Unhalfbricking, released in 1969, was the third album by British band Fairport Convention. It reached number 12 in the UK album charts and marked a departure from the label of "the English Jefferson Airplane".
After their previous album had seen original singer Judy Dyble replaced by Sandy Denny, the group's male vocalist Iain Matthews also left, and Denny took a more central role. Although covering then unreleased tracks by Bob Dylan, Denny's "Autopsy", "Who Knows Where the Time Goes" (which would become her signature song), and the lengthy "A Sailor's Life", set the tone for the future of British folk rock. Allmusic's Richie Unterberger described Unhalfbricking as "a transitional album for the young Fairport Convention, in which the group shed its closest ties to its American folk-rock influences and started to edge toward a more traditional British folk-slanted sound"'
Shortly before the album was released, while returning from a gig in Birmingham, a serious road accident claimed the lives of drummer Martin Lamble and Jeannie Franklyn, a noted dress designer and guitarist Richard Thompson's girlfriend. Unhalfbricking appeared, therefore, at a difficult time for the group, but was enthusiastically received. After a period of intense reflection about their future they decided to pursue the folk rock idea further and violinist Dave Swarbrick was invited to join full-time for the follow-up, Liege & Lief.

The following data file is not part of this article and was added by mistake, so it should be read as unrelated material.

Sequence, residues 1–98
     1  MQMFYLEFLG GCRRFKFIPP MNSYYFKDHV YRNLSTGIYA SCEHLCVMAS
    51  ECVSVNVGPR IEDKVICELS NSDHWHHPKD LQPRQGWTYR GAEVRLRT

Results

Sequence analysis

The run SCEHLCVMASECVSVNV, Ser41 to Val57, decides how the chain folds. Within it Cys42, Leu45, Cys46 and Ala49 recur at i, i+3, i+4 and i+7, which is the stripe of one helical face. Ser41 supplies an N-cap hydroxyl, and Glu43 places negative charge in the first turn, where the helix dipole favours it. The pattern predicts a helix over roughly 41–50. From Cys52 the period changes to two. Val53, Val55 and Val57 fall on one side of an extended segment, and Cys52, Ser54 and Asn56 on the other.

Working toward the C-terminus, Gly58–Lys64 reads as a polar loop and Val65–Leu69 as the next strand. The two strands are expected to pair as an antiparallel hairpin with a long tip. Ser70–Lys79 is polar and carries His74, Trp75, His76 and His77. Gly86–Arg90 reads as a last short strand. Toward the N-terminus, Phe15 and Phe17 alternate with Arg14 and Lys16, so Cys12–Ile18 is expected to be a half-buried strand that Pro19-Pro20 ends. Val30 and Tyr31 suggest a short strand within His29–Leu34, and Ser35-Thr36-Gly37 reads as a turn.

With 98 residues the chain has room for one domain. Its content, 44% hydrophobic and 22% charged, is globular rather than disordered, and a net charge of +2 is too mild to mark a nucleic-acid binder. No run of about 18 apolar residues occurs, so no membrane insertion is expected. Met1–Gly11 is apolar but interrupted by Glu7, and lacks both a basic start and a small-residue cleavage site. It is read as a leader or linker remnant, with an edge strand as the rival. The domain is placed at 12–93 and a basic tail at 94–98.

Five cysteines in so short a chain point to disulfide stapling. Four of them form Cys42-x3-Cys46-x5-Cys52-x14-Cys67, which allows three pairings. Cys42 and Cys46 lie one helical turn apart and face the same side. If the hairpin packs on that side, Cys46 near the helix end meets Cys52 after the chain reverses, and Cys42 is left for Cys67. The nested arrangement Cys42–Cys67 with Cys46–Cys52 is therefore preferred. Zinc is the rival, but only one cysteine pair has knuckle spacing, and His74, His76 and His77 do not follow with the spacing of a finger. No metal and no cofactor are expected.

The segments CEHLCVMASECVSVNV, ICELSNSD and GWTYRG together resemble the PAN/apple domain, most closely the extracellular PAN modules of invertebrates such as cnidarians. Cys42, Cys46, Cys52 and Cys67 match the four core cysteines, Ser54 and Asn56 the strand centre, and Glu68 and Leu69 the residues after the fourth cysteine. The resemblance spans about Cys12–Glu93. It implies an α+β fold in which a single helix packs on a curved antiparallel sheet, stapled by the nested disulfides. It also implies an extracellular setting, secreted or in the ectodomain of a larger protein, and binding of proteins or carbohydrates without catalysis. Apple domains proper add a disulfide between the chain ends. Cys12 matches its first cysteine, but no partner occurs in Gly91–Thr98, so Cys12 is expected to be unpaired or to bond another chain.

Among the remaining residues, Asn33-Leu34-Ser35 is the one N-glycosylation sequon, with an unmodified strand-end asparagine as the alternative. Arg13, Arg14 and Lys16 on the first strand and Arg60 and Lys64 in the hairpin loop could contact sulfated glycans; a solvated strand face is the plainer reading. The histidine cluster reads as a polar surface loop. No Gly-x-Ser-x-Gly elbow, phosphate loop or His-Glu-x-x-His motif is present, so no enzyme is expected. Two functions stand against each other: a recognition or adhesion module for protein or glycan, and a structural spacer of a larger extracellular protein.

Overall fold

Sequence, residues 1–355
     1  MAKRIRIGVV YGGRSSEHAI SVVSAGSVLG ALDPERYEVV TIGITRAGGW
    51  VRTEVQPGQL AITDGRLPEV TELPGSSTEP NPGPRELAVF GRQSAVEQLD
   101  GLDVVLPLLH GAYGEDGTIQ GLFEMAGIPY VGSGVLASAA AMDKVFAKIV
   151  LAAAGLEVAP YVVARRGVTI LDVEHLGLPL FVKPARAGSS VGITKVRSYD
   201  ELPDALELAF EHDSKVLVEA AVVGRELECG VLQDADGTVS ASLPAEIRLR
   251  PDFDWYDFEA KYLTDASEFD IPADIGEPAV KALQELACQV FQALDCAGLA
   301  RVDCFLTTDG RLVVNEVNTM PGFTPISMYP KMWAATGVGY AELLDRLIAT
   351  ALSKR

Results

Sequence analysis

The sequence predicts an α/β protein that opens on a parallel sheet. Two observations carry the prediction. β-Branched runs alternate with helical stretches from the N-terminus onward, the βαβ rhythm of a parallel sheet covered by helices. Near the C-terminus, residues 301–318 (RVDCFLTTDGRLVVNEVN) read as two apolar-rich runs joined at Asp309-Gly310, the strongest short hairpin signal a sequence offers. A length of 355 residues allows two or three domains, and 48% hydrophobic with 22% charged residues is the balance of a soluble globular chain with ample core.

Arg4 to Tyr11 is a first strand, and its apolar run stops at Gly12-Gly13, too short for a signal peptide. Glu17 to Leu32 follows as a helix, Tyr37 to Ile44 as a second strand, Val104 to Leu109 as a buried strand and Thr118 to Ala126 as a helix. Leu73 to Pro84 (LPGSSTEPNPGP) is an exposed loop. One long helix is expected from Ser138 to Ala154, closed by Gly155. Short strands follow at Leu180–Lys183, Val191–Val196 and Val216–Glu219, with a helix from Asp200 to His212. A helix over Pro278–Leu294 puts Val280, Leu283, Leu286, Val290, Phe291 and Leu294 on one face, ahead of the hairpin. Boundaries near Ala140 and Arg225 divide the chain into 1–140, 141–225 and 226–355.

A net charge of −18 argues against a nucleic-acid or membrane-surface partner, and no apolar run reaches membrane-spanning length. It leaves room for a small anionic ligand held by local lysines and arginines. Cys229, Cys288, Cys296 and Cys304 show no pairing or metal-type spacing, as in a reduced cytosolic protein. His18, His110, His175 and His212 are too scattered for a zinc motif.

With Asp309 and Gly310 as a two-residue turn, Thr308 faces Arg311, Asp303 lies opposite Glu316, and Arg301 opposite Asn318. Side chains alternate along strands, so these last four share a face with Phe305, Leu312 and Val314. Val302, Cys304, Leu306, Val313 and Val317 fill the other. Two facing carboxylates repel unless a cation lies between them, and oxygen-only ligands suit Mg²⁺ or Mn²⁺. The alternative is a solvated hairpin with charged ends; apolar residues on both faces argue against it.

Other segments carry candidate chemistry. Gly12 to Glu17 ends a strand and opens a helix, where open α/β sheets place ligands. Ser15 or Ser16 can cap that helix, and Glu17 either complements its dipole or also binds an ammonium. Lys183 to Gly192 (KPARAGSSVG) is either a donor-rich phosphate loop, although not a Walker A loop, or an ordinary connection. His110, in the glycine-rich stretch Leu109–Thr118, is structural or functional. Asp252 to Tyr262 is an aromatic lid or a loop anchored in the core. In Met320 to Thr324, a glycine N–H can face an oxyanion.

The title Unhalfbricking arose from a word-game played by the band while travelling to and from gigs. The sleeve design featured neither title nor band name, but simply a picture of Denny's parents, Neil & Edna Denny, standing outside the family home in Wimbledon, south London, with the band distantly visible through the garden fence.
Their version of Dylan's "If You Gotta Go, Go Now", retitled "Si Tu Dois Partir" and rendered in a cajun music style, would provide Fairport Convention with their only British hit single, peaking at number 21.
In 2004 Q magazine placed Unhalfbricking at number 41 in its list of the 50 Greatest British Albums Ever.
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